Ups and Downs of Having Fiber in Your Diet

Fruits, vegetables, and whole grains are standard components of a healthy diet. Aside from being low in fat and loaded with nutrients, they are also excellent sources of fiber. Most people are aware of the benefit of getting vitamins from fruits and veggies, but not everyone fully understands how dietary fiber works for the body. Let us explore the ups and downs of having fiber in your diet and discover how it can be used for better health.

fiber in diet

Fiber is a carbohydrate that cannot be digested or absorbed in the small intestine. It is known for improving bowel movement and preventing constipation. There are two types of fiber, soluble fiber and insoluble fiber. Soluble fiber can be dissolved by water and forms a gel like substance that promotes digestive health. Insoluble fiber doesn’t dissolve in water and comes out of the body fairly intact.

Knowing the amount and type of fiber in your diet can help improve health management. Weight watchers usually opt for food with soluble fiber such as carrots, cucumber, strawberry, orange, nuts, beans, and oatmeal. These food items make you feel full thus, reducing one’s tendency to overeat. People who are watching their blood sugar and cholesterol levels can also benefit from including soluble fiber in their diet. It can help decrease levels of low density lipoprotein (LDL) cholesterol otherwise known as the bad cholesterol. This means better health for your heart. Soluble fibers are also known to lower blood sugar levels and improve glycemic control.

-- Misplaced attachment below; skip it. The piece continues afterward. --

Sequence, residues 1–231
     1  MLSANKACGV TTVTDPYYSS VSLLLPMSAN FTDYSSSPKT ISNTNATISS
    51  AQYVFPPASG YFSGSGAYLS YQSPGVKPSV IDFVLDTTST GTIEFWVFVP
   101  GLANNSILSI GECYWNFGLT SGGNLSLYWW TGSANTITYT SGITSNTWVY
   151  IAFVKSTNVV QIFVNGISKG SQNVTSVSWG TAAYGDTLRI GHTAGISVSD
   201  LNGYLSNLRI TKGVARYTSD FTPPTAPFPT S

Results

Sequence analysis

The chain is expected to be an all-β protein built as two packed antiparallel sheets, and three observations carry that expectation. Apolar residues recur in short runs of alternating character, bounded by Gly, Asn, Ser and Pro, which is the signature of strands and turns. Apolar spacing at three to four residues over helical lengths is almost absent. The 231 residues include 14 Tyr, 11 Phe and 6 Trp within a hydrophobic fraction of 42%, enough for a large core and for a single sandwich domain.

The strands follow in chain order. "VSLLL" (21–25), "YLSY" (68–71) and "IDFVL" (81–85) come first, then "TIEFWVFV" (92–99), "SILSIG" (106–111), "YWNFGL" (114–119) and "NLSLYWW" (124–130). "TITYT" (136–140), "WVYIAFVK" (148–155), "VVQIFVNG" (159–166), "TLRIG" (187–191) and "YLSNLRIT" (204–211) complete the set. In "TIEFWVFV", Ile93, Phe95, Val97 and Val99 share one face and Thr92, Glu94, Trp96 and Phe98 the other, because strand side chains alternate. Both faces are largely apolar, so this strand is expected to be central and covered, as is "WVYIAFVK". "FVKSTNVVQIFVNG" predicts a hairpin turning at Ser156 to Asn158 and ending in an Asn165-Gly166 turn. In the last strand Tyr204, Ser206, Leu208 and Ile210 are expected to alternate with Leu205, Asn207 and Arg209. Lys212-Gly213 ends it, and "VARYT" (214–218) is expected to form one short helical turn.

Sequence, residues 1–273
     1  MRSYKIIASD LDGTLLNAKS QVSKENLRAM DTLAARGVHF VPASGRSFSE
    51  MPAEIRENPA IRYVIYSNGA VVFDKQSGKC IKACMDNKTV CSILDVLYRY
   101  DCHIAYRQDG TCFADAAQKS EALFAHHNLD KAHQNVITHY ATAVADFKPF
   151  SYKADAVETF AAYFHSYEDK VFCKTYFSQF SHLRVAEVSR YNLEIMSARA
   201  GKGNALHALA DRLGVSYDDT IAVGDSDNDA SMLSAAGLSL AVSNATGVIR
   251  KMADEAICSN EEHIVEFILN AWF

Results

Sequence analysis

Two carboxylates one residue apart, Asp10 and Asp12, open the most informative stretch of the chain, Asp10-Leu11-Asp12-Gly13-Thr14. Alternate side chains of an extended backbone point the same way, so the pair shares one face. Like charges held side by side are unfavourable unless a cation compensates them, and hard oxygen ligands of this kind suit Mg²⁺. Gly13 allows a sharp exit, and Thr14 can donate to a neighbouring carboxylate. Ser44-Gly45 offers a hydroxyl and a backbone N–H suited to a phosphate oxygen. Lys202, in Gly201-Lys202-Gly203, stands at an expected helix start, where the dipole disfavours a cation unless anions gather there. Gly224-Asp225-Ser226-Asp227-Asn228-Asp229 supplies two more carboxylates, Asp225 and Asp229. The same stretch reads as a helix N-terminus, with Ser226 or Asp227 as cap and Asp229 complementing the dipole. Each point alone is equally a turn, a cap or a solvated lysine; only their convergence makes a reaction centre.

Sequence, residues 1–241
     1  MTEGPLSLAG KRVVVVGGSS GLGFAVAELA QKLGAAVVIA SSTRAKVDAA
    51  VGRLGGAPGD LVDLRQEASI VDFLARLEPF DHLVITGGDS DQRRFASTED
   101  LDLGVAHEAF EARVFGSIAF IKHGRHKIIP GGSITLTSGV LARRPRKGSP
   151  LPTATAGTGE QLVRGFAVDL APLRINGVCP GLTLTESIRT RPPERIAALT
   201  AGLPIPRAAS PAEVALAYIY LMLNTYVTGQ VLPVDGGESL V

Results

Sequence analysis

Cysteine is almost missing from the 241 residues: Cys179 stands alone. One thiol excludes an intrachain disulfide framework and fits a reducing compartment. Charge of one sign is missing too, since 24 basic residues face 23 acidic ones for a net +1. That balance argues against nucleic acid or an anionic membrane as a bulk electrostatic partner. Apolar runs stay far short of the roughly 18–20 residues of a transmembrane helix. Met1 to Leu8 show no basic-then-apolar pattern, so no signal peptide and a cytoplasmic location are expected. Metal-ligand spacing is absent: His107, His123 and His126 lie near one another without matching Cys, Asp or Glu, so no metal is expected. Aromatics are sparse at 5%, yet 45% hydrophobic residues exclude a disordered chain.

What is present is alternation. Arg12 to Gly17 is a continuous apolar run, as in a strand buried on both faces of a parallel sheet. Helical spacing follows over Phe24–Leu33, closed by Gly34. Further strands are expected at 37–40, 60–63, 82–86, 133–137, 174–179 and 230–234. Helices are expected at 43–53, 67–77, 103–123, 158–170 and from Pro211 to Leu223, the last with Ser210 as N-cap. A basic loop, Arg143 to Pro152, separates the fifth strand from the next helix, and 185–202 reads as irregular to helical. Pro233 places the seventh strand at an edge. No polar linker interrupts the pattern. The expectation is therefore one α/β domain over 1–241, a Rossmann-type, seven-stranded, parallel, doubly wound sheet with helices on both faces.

Insoluble fiber in your diet promotes digestive health by adding bulk and softening stool. This can help people suffering from constipation as well as those with watery stool. The added bulk makes bowel movement easier and the fiber’s ability to absorb water can help address watery stool. Aside from constipation, insoluble fiber can also lessen the risk for hemorrhoids, diverticular disease, and colo-rectal cancer. Whole grain, brown rice, raisins, and dark leafy vegetables are good sources of insoluble fiber. Soluble and insoluble fibers have their respective health benefits for the body. There is no need to be particular about the type of fiber in your food unless you have a health goal that you want to achieve.

The low fat, low calorie and high nutrient value of a high-fiber diet makes it an attractive option for health buffs. However, one should also be aware of the downside in having too much fiber too soon. Adding a lot of fiber in your diet quickly can lead to tummy aches due to gas, bloating or abdominal cramps. Add more fiber in your diet gradually to avoid experiencing its downside. Get your daily dose of fiber from a variety of fruits, vegetables, legumes, and grains to enjoy your healthy meals.